Good morning Auckland. It's 'Freedom Day'... so now what for our Covid-19 story?

STUFF
How vaccination helps prevent the spread of Covid-19 (with te reo Māori subtitles).

ANALYSIS: After more than 100 taxing days of lockdown Auckland now emerges, blinking, into a new reality.

For some, today will be deeply concerning, our final and definitive surrender to a coexistence with a virus that is particularly dangerous to the old and vulnerable.

For others, it will be a day of celebration. Now the fully vaccinated can get a drink at the local bar, sip coffee in the local café, eat inside a restaurant. People can finally go to the homes of family and friends. Aucklanders have certainly earned this slice of normalcy.

Yet today is not normal. At best, it’s normal-adjacent. The virus is here and for all of us a simple question looms large: now what, New Zealand?

READ MORE:
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* Covid-19 NZ: What Auckland opening means for the rest of the country

Predicting the trajectory of the Covid-19 pandemic is treacherous. A week before Delta arrived at our shores Prime Minister Jacinda Ardern insisted elimination was still viable in the medium-term. Two weeks ago, we’d never heard of the Omicron variant.

What we do know is that our ongoing battle with the virus can be partially defined by the Reproductive, or R number. This tells us, on average, how many others a person with the virus will infect. When it’s above 1 an outbreak is growing. Below 1, and over time, case numbers will fall.

In mid-August, the R number was about six as Delta spread invisibly at first, before that 58-year-old Devonport man tested positive and everything changed.

Since then, Delta has sought to only make more of itself, yet it’s been stifled by the lockdown and an ever rising vaccination rate. Finally, these measures appear to have pushed the R number below 1.

If Auckland stayed in lockdown (and people obeyed the rules, of course) it would likely stay there.

New Zealand changed its rules for managing Covid-19 on December 3, switching to a so-called 'traffic lights' system.
Kathryn George/Stuff
New Zealand changed its rules for managing Covid-19 on December 3, switching to a so-called 'traffic lights' system.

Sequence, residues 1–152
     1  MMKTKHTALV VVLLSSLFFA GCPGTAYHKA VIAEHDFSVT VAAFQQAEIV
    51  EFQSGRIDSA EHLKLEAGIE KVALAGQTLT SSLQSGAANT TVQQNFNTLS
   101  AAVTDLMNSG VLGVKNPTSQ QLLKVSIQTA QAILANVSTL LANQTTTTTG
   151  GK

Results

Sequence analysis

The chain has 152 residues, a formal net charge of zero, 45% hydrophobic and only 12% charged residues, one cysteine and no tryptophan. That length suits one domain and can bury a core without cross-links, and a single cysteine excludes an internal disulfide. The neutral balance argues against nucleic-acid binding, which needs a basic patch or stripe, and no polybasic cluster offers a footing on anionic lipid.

But Tāmaki Makaurau can’t stay shut forever.

What today’s move to the traffic light system does to the R number is uncertain. It should, in theory, push it upwards. But that certainly won’t show in Saturday’s case numbers. It won’t show in Monday’s. It’ll be a week or two before we see any impact, if there is one.

The only thing I can say with any certainty is that the struggle for the R number is on. On one side, there are the restrictions mandated by the traffic light system, mask wearing, contact tracing, testing, the fact it’s summer and people are outdoors may help.

On the other is normalcy – going to bars, seeing family and friends; all perfectly human things that unfortunately help distribute the coronavirus.

We have another ally. Auckland’s (and New Zealand’s) vaccination rates are world-class. Yes there are clear gaps, particularly in younger Māori but the coverage in all elderly people is excellent.

The rapid acceleration of the vaccine roll-out also means the population as a whole is now very, very immune, particularly those younger, more mobile Kiwis who’ve had the jab in recent months. This should continue to impart downward force on the R, until significant waning kicks in, at least. By then, the administration of third doses should be well underway.

You can probably now get a sense of how the push and pull on this mathematical expression, R, will ultimately define how the traffic light system is applied. While the Government insists raw case numbers are now less important, they are not unimportant.

Even though the proportion of cases needing ICU care has dropped off significantly in the last month, a surge in Covid-19 case numbers can still put pressure on hospitals. If Auckland was moving to the old alert level 1 on Friday, Professor Michael Plank told me he’d expect the R number would rise to about 1.5.

Within the traffic light framework, the R number will likely be between 1 and 1.5 – hopefully towards the lower end of the scale, Plank said, pointing to NSW, which has reopened and kept case numbers suppressed.

If the R number hovers around 1, things should be OK but what if it creeps upward towards 1.5? Then what? How will a government that has taken an incredibly cautious approach to Covid react?

(And keep in mind Auckland’s borders don’t open for a few more weeks.)

This leads us to the other push and pull of the coming months – the politics of Covid.

In a piece for The Times last year, Professor Graham Medley of the UK’s Sage pandemic modelling group explained it like this: “Both the virus and the ways of tackling it cause harm and need to be balanced: for example, how much should young people’s education be compromised to protect older people from infection? This is a ‘wicked problem’ with no winners in which we are trying to trade jobs, freedoms and health against each other without knowing the rate of exchange.”

New Zealand had managed, until August, to basically sidestep the awful trade-offs of this pandemic. Those days are over. The politics of no Covid was simple. The politics of some Covid will be messy.

In the background, the new Omicron variant awaits like a long teased-at villain in an upcoming blockbuster sequel.

Soon, we’ll better understand the variant. But what if it’s worse than Delta? Then the dynamics of this pandemic will be further warped. Then the question will very much be: what now?